There are two common mnemonics for memorizing these layers and their order. If you want to start from the top down, you can remember—All People Seem To Need Data Processing. If you want to move from the bottom up, you can remember—Please Do Not Throw Sausage Pizza Away. We instructors are stuck memorizing not only the layers, but both of the mnemonics.

Realize that the numbering of the layers is strict, like the names and the order. So quite often, network engineers will refer to the layers simply by number. You will hear things like “ahh, that is a Layer 3 issue” or “that is clearly a problem at Layer 2.”

7. Application

Just as we described for the Application layer of the TCP/IP model, the Application layer of the OSI model refers to the highest level protocols used by network applications. Examples include File Transfer Protocol (FTP), Simple Mail Transfer Protocols (SMTP), and Hypertext Transfer Protocol (HTTP).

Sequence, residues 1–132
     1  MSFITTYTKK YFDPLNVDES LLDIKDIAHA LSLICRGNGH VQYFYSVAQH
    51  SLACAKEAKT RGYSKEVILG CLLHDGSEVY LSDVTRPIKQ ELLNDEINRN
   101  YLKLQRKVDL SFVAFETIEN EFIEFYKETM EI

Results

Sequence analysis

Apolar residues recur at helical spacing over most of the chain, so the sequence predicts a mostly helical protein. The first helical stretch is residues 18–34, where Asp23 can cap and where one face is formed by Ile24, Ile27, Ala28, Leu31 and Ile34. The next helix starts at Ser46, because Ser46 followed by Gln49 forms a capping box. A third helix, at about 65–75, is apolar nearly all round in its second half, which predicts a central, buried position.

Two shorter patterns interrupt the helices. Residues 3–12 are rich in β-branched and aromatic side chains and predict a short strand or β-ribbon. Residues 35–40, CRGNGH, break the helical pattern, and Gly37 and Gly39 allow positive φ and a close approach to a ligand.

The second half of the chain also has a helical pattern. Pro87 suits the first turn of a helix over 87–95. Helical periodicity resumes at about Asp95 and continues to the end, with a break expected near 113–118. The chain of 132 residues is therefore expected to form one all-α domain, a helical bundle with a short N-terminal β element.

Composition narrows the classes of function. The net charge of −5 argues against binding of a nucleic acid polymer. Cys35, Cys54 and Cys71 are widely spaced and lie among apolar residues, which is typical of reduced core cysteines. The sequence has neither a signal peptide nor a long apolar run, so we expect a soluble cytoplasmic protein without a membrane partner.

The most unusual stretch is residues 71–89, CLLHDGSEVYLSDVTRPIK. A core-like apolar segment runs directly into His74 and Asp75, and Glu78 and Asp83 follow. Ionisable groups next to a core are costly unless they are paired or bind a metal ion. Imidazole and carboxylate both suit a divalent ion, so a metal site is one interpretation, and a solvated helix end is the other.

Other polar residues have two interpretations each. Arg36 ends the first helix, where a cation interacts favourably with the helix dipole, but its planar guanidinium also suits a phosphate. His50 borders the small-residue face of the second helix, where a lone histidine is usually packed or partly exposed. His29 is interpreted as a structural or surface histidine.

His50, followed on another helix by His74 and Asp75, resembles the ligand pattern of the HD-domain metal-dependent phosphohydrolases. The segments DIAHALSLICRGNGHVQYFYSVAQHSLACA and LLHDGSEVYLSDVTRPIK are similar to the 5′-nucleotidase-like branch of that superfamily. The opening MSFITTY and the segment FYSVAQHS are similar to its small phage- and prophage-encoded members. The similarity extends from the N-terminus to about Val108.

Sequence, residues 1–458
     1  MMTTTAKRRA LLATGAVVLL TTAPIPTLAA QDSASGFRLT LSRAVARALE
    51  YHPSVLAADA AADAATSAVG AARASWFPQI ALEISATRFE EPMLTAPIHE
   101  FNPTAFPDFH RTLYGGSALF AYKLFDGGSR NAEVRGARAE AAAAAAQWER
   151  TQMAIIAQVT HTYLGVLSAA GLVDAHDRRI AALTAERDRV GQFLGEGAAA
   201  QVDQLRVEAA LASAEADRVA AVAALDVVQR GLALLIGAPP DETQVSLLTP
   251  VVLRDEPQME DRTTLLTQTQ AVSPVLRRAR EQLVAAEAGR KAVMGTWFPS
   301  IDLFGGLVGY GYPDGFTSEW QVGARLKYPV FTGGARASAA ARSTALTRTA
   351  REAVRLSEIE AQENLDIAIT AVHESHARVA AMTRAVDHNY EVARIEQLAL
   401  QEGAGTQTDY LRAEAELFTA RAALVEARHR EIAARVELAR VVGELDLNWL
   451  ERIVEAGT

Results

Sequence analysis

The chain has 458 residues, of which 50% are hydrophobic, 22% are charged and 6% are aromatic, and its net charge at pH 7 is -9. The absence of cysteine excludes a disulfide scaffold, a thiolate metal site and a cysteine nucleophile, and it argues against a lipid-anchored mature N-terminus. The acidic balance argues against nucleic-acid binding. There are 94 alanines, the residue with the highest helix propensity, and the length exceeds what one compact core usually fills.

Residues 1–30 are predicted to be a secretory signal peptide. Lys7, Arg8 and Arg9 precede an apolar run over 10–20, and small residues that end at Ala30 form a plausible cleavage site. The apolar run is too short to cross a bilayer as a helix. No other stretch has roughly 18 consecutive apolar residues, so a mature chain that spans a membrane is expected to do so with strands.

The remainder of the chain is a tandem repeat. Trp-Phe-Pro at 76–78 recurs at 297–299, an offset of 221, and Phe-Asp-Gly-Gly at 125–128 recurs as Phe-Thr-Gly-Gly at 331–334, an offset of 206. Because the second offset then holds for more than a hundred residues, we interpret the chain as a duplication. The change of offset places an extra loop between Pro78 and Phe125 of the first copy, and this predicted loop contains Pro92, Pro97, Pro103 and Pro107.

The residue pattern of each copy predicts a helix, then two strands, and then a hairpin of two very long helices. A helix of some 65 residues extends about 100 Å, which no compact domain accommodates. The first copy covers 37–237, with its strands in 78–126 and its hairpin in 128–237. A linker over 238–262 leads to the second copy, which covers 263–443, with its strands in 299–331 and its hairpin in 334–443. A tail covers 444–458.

6. Presentation

The Presentation layer is responsible for data representation. For example, JPG is a massively popular way to enjoy digital photographs. Ensuring this proper formatting for data is the stuff of the Presentation layer. The layer is also responsible for things like encryption and decryption.

5. Session

The Session layer controls the “dialogue” between two computers. It helps to establish, manage, and terminate connections between the local and remote network application.

4. Transport

The Transport layer controls reliability through things like flow control, segmentation/desegmentation, and error control. Transmission Control Protocol (TCP) or User Datagram Protocol (UDP) can be used here in order to send information reliably, or unreliably.

3. Network

We know from the TCP/IP model (where it was called the Internet layer) that this layer is concerned with host addressing and routing. This is where IP addressing is defined, and routing protocols are used to carry packets from source to destination across various nodes (routers).

2. Data Link

For the Data Link layer, it is important to provide the functional and procedural means to transfer data and make sure there are no errors in the Physical layer below.

1. Physical